The setback proved temporary, although he claimed to have found god while inside, as well as a recipe for chilli that he blamed for the weight he’d put on. On release he returned to the Horseshoe, and carried on exactly as before, an owner/manager who legally wasn’t allowed to manage. Nobody cared. As always Binion made serious money, and a cowboy at heart he spent it on horses, ranches, shares in other casinos and “favours.” By 1964 the casino was once again all his. Swaggering around in a ten-gallon hat, jeans and denim shirts adorned with solid gold buttons, occasionally spitting on the floor, to tourists the fat middle-aged owner must have seemed a joke. But behind the costume and the blubber and the charm and the colourful stories there remained the ruthless operator.

The Horseshoe was law unto itself. Cheats and dishonest staff were beaten up, and in one six year period there were seven murders and over 100 assaults. Undesirables who wandered in off the streets in winter were hosed down, beaten up, and dumped shivering in the alley at the back. Black customers were often thrown out for no reason and black staff almost unknown except for ever loyal Gold Dollar. More subtle pressure was put on senators, governors, judges, police officers, and anyone else who had power or influence. Mostly they received election campaign contributions (often in cash), but interest free loans, and “gifts” also featured. In return they looked the other way, misplaced files, or simply ignored complaints or information about illegal activities.

In 1970, Binion came across an idea by Tom Morehead of the Riverside Casino in Reno to run an elite poker competition that would feature the best players in the world. Remembering the publicity success of the big game years before, he acquired the rights to the World Series of Poker, an invitational event for professional players and a few wealthy amateurs. The concept survived a couple of years, before becoming a proper open event in the early 1970s. Rising numbers meant that a formula had to be devised to ensure an undisputed winner in a reasonable length of time. It isn’t clear whether Binion invented or just helped invent the system of raising the blinds/antes at regular intervals, but he certainly approved of it and ensured its use in the tournament. The concept has been refined and adjusted ever since but the basic idea remains the same. With hindsight, it was revolutionary, although it took the best part of a decade before the tournament began to attract much interest outside the closed world of high stakes poker.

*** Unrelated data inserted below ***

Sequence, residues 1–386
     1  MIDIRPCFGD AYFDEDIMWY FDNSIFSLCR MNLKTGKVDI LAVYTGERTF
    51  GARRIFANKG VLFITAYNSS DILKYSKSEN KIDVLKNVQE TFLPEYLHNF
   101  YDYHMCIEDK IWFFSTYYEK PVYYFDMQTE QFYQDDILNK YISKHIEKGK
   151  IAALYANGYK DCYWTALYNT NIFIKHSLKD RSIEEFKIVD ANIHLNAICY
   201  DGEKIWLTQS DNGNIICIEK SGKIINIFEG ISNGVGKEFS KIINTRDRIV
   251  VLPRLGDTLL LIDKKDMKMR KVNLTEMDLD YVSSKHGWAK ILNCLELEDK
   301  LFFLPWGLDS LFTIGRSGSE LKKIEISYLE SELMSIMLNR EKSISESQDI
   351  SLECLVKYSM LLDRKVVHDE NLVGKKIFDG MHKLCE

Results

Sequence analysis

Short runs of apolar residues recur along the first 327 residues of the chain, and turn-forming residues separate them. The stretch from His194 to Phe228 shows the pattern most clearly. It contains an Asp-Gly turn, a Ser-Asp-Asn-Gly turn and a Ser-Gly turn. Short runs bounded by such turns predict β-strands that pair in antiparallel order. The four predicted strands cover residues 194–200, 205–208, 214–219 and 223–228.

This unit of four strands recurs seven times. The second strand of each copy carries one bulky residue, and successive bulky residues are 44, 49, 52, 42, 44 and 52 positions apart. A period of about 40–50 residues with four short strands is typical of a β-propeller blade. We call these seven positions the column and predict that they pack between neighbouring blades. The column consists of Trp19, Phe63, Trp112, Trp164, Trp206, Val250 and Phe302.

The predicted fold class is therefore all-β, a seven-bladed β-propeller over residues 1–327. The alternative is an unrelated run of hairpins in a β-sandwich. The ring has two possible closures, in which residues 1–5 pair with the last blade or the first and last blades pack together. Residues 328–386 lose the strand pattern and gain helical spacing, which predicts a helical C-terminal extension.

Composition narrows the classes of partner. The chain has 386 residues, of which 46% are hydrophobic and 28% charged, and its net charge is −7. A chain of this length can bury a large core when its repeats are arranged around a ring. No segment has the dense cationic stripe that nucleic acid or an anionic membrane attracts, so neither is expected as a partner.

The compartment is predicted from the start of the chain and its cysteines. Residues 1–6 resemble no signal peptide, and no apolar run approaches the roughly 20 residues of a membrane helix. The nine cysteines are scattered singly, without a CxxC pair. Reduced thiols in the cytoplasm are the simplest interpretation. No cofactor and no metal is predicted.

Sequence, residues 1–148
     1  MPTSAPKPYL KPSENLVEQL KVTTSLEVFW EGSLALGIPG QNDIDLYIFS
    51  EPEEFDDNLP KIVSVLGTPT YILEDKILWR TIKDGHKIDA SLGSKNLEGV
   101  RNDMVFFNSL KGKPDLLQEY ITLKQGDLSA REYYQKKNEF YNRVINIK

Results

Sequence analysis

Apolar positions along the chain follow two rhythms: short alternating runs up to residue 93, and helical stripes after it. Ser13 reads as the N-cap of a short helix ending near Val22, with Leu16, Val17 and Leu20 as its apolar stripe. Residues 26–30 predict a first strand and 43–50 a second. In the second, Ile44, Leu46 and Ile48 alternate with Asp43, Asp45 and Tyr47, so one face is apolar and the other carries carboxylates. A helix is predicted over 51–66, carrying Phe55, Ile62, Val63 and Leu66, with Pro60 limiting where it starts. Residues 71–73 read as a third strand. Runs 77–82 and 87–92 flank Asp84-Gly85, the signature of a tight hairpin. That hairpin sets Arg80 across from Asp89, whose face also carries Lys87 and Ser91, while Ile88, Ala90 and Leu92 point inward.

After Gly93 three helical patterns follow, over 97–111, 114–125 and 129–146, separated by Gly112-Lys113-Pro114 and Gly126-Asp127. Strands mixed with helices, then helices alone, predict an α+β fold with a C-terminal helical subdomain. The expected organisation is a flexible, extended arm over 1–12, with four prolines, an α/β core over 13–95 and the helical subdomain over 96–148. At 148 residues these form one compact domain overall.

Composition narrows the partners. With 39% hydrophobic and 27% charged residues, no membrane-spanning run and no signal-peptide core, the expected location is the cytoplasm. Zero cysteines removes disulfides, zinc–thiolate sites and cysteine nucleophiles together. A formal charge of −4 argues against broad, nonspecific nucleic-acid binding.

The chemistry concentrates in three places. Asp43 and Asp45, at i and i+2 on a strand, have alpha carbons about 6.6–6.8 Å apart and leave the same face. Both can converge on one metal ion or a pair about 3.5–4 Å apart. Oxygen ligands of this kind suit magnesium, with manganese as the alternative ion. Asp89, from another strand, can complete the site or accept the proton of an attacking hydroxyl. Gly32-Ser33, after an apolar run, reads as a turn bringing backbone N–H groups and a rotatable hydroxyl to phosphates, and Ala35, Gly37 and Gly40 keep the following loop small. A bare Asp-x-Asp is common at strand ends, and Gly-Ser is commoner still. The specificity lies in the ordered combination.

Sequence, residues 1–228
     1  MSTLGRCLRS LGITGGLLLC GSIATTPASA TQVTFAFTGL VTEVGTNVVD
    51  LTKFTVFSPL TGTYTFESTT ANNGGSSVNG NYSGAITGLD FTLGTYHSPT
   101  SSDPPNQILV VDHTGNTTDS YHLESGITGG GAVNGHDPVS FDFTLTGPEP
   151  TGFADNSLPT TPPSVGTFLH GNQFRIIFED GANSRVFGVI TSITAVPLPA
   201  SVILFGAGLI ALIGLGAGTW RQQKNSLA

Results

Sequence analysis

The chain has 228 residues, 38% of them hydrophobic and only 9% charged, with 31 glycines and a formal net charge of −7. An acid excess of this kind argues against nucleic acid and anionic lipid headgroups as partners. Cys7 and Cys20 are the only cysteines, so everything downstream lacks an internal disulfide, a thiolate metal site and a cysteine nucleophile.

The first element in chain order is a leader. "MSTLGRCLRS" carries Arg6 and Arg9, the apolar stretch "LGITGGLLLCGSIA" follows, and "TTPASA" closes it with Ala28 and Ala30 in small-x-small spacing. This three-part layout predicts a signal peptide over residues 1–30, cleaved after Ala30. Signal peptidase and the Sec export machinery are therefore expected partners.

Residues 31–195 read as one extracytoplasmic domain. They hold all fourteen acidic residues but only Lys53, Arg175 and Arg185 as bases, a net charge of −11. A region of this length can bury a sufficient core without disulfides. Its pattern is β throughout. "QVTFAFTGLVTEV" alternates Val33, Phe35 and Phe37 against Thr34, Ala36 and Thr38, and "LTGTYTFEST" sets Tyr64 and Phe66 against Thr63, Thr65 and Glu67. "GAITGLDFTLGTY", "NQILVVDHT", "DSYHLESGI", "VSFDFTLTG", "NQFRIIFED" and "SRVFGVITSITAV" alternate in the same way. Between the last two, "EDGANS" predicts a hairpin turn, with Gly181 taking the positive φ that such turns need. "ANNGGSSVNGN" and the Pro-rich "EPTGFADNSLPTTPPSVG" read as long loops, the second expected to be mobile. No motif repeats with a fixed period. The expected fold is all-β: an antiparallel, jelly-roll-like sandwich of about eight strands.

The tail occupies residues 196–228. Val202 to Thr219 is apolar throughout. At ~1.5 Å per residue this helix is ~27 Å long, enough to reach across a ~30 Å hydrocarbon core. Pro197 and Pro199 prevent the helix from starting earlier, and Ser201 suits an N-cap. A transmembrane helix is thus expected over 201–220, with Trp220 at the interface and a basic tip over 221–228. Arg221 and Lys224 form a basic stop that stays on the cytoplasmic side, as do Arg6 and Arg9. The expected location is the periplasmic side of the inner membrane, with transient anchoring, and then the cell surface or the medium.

Within that elite world, Benny and his family were universally admired, not least because he was always good for a grand or two to get you back in action if you were broke. He probably knew all the high stakes players in the country, and if you gained his trust and didn’t betray it you had nothing to worry about. Age mellowed him a little, and by the late 1970s his sons Ted and Jack effectively ran the Horseshoe day to day. Semi-retired, Benny sat at his permanently reserved table in the Sombrero Restaurant, telling stories, doing deals, and ever ready to charm and entertain visiting gamblers, journalists, and wide-eyed writers such as Al Alvarez and Tony Holden.

Lester Ben Binion died of natural causes on Christmas Day 1989. Within months, bitter arguments had broken out amongst his children as to who would inherit and control the empire he’d created. Today, the Horseshoe has been sold and faces an uncertain future. Ironically, now that the family has lost control for good, the new owners have renamed it Binions. The news probably wouldn’t surprise him. Binion had few illusions about himself or the world he lived in. When asked why he’d given money to a particular politician he replied “For favours, what else?”

Binion’s gradual transformation from professional criminal to lovable old rogue with a colourful past mirrors the rise of poker from sleazy backrooms to the verge of corporate sponsorship. His empire may have crumbled, and his family fallen apart, but the World Series of Poker goes from strength to strength. Unwittingly, the creation and promotion of the tournament, which did so much to popularise the game and make it gradually more respectable over three decades is likely to be Benny Binion’s lasting achievement.